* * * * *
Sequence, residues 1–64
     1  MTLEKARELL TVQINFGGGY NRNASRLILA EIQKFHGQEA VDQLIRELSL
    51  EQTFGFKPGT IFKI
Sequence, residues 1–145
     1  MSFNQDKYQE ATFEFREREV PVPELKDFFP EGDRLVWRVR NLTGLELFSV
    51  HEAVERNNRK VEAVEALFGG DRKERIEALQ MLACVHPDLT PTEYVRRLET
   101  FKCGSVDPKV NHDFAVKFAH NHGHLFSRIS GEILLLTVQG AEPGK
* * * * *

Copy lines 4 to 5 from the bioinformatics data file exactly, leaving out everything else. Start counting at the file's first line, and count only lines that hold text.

Sequence, residues 1–145
     1  MSFNQDKYQE ATFEFREREV PVPELKDFFP EGDRLVWRVR NLTGLELFSV